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Tuan Lam - Big Cash Player
And so, following our theme of interviewing great Canadian poker players while we're here in Niagara Falls, Canada, covering the 2007 Jerry Yang and his future plans.
So Tuan, when did you start playing poker?
I used to work for this company and I got laid off. So I went back to school to get my (high school) diploma. When I finished school I had no job and a friend of mine offered me a job as a dealer. He has a home game. Weekends they would get together and play very small limit, like $5-$10. I was dealing and that's how I started playing. He said "You got to support the game sometimes," and that's how I started playing.
When I first started I had no clue about poker, I never gambled before. But I realized that people can win at this game. When I was dealing I would keep an eye on good players and see how they play. I would talk to them and they would recommend some books. My first book was [written by] David Sklansky.
How would you describe your style of play?
I am an aggressive player.
Really? Because you played pretty tight at the Main Event...
I was very careful when I played at the final table. I paid very close attention to each player and I [knew] Jerry was very aggressive and I would need a decent hand to play against him, because he would call me down with anything and he was hard to bluff. So I played very conservatively.
People have heard a lot about how Jerry was going to give a bunch of his prize money to charity, but very few may have heard you are going to build a temple back in the Vietnamese village where you grew up. Is it true?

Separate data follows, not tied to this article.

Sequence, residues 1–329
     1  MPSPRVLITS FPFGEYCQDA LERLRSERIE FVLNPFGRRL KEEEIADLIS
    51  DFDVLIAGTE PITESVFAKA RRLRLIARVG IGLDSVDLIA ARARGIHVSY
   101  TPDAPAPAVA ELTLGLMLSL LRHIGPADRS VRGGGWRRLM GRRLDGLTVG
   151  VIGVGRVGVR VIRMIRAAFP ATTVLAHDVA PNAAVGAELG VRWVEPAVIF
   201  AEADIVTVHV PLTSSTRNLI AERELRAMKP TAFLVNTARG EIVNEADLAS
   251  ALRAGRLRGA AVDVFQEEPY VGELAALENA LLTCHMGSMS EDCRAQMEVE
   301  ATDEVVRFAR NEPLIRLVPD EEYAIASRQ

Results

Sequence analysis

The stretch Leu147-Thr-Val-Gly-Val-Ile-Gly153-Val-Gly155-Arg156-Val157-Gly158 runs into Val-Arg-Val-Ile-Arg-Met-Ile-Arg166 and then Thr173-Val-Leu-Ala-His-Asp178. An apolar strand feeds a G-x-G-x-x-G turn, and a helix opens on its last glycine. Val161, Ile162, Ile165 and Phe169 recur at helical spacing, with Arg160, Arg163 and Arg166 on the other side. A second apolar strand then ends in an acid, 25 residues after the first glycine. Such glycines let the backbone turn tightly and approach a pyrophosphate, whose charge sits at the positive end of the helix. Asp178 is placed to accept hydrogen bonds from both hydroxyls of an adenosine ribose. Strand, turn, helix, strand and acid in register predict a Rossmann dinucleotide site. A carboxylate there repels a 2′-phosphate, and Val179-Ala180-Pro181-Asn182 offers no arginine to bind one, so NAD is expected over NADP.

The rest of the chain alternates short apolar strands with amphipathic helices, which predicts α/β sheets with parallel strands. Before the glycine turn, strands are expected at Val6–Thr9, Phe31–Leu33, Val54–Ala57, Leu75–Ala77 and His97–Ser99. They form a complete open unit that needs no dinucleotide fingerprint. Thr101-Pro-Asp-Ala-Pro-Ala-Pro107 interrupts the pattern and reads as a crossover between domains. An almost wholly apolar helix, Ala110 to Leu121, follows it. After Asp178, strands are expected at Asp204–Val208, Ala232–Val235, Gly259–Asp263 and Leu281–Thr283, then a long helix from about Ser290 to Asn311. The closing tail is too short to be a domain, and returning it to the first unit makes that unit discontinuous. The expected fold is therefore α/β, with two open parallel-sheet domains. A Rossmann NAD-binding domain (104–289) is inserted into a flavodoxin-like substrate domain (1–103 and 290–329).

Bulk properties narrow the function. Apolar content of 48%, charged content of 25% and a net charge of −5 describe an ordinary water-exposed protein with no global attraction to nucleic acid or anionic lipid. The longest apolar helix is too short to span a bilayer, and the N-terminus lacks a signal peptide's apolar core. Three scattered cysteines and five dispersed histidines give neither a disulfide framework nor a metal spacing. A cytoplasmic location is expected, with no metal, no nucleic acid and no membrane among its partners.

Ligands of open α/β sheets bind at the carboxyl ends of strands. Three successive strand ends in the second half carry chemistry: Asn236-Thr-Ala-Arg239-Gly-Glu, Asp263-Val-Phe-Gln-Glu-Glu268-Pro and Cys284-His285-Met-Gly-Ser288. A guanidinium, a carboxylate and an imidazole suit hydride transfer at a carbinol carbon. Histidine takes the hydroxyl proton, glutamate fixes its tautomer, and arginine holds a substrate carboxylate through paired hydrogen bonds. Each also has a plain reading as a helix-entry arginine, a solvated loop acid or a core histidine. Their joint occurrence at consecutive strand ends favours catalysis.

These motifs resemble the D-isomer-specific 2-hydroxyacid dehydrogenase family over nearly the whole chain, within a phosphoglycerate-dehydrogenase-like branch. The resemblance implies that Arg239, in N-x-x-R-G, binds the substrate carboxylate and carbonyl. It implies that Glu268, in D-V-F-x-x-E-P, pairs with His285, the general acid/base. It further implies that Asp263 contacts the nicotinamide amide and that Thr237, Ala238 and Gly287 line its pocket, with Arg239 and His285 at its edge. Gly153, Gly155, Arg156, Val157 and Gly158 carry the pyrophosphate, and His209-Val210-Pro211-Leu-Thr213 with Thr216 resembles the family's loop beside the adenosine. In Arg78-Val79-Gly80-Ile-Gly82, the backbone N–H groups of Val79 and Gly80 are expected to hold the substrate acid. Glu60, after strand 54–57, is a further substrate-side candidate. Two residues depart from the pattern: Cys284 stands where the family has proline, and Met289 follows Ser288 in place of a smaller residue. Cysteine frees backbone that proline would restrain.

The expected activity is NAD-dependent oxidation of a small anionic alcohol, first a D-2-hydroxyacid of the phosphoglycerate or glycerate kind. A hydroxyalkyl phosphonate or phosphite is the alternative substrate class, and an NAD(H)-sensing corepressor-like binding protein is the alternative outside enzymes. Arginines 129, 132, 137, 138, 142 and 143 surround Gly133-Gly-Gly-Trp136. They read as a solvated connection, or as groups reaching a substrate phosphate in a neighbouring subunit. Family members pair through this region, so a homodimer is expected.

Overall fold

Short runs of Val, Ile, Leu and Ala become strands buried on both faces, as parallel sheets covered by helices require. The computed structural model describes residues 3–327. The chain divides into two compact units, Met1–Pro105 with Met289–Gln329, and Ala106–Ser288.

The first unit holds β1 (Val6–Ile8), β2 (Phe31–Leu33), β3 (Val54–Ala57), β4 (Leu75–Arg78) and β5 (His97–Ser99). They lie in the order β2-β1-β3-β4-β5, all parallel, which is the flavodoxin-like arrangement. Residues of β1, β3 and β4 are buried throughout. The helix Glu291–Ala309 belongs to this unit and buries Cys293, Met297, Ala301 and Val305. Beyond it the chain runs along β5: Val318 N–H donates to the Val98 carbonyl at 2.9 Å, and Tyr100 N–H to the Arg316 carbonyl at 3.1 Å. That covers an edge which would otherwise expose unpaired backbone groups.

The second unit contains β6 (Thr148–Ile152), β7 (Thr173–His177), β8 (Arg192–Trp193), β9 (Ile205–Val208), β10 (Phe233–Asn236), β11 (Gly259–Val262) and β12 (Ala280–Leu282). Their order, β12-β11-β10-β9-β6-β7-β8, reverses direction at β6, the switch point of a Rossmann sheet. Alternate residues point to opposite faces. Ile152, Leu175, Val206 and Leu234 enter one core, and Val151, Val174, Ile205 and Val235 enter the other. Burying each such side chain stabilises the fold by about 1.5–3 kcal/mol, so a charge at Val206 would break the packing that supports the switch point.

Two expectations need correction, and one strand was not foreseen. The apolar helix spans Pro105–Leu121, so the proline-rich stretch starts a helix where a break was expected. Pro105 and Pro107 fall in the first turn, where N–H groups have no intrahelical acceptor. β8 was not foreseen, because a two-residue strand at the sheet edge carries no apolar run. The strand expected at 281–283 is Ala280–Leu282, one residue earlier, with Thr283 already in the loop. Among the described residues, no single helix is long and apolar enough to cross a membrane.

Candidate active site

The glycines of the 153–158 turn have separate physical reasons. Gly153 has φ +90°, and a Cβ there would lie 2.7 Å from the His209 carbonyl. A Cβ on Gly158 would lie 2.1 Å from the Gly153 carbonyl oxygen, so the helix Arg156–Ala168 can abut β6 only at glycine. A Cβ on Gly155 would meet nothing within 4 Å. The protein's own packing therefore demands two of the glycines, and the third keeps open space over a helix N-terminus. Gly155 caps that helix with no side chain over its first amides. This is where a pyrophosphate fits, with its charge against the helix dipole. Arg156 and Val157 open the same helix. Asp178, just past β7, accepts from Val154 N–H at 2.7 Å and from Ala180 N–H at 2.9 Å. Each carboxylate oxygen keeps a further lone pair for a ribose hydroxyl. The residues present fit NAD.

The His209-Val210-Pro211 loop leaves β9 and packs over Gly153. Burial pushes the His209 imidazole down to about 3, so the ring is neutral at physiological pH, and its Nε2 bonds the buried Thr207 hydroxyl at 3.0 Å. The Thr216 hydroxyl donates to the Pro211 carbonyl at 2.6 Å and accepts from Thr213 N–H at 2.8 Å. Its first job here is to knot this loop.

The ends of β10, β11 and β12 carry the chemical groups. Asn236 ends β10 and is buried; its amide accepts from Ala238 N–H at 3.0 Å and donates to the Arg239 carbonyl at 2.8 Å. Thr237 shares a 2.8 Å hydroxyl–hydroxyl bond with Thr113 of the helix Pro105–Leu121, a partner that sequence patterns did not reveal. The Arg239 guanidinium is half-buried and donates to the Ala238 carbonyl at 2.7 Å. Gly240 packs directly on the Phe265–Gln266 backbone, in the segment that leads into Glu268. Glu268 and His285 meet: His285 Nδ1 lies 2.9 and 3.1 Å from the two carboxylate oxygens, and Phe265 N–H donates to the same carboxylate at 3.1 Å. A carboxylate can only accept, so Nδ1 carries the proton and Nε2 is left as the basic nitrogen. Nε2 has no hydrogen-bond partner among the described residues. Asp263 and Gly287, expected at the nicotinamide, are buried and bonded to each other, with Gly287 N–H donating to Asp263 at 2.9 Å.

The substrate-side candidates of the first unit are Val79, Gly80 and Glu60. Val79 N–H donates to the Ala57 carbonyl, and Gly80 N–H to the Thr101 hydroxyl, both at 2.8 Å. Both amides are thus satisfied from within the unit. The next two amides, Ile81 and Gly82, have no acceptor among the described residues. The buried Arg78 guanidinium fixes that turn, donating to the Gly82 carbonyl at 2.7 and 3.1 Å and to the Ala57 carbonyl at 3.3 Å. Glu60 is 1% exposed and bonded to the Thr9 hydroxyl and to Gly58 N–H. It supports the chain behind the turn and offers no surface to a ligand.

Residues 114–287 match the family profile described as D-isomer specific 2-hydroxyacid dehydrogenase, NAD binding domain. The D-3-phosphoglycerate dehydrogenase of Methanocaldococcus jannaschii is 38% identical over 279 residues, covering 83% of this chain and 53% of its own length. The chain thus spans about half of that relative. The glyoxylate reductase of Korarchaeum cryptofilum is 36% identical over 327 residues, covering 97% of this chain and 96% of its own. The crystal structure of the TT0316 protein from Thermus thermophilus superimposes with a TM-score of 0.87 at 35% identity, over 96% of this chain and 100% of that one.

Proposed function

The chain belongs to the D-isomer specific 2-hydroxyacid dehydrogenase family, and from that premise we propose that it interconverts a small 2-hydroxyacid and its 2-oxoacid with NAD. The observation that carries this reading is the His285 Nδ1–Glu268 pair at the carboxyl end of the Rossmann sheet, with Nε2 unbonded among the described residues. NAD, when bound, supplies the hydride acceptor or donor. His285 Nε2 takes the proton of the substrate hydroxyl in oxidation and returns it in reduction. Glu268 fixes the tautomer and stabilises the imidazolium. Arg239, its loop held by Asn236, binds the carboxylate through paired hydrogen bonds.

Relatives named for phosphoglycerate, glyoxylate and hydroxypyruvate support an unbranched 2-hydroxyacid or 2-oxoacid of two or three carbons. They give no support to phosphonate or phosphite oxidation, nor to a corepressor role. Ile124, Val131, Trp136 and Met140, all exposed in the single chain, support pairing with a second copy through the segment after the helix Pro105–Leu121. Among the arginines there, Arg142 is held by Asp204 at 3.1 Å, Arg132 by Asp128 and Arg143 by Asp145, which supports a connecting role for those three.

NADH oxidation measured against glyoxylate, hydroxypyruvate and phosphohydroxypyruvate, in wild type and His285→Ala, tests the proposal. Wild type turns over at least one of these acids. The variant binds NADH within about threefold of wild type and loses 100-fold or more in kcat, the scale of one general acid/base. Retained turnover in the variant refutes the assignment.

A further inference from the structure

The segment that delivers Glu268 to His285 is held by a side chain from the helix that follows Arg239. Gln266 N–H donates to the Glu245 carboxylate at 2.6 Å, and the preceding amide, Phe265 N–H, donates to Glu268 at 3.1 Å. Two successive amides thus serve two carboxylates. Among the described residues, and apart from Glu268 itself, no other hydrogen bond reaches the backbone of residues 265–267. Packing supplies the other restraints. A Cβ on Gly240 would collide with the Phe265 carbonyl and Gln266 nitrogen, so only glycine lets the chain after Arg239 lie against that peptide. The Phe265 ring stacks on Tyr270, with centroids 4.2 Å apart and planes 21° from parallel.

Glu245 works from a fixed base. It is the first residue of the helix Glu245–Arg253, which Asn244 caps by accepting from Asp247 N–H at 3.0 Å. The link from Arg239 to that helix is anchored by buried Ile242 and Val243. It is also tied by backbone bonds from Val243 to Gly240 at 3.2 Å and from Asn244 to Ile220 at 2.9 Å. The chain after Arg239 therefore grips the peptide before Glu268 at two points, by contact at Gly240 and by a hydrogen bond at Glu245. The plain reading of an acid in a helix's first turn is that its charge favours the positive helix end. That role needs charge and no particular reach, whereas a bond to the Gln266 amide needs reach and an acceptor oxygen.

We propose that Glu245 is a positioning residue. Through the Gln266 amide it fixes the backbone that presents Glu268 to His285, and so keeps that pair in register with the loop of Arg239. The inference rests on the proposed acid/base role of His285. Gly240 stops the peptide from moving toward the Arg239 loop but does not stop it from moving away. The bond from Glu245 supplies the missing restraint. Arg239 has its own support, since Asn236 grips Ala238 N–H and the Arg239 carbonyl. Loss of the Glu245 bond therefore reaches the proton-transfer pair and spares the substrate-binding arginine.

Yes, that's true, because that's what my dream was. When I went back to Vietnam, I looked at my village and there was no temple there. When I talked to people there I said when I have the money I would come back and build a temple. I will store food in there and for people in that village when they need food they can have a place to come get it.
I understand you were primarily an online player before the 2007 WSOP. How did you get started?
When I moved to Toronto I heard a lot of people were successful online and I didn't have a chance to play because I'm not very good with computers. One day, a friend of mine bought a laptop for me and he set up everything for me and that's how I started playing online.
I started with $30/$60 and I jumped up every time I had the bankroll, to $50/$100, $100/$200 and then $200/$400. Now I play mostly $100/$200 and $200/$400, but sometimes I play $500/$1,000. I very rarely play tournaments online.
But you had played in live tournaments before 2007. I understand you cashed in WSOP events back in 2005 and 2006.
I went to take a shot; to go and see Vegas and how the poker is there.
And you plan on playing a lot more live tournaments now?
Right now PokerStars wants me to go around and play, especially in Asia. I will be playing in the APPT in Macau, Korea and the next one is in Australia.
So, does playing here in Niagara Falls, close to your hometown, add a little pressure to the mix?
No actually, I like playing close to Toronto because I feel more comfortable here. There's no pressure and I have friends here, a lot of friends.
And you are doing well so far?
I have $95,000. I have been playing aggressive, but it depends on the hand. You have to wait for your spots. My goal is to try to stay alive today because things are almost done, there are another two levels today and I want to come back tomorrow.
Tuan took a few hits in the late goings, but did manage to survive to Day 3 with about $100k after doubling-up just before play ended for the night. Based on his play at the Main Event, it would be foolish to count him out here in Niagara Falls, or anywhere for that matter.